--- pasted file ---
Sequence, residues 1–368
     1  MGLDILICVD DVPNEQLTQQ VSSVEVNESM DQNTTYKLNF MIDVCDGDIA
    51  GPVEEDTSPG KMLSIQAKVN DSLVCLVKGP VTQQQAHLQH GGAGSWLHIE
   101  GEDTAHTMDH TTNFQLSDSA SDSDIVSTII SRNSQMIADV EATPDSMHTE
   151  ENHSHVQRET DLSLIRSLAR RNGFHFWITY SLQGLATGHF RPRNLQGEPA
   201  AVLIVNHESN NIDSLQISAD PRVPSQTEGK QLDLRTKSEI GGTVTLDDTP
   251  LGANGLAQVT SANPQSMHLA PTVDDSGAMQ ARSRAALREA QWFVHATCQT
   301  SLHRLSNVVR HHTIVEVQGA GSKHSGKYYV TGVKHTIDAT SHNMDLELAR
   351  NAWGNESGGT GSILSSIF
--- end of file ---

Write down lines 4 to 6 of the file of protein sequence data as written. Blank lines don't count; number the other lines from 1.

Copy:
   101  GEDTAHTMDH TTNFQLSDSA SDSDIVSTII SRNSQMIADV EATPDSMHTE
   151  ENHSHVQRET DLSLIRSLAR RNGFHFWITY SLQGLATGHF RPRNLQGEPA
   201  AVLIVNHESN NIDSLQISAD PRVPSQTEGK QLDLRTKSEI GGTVTLDDTP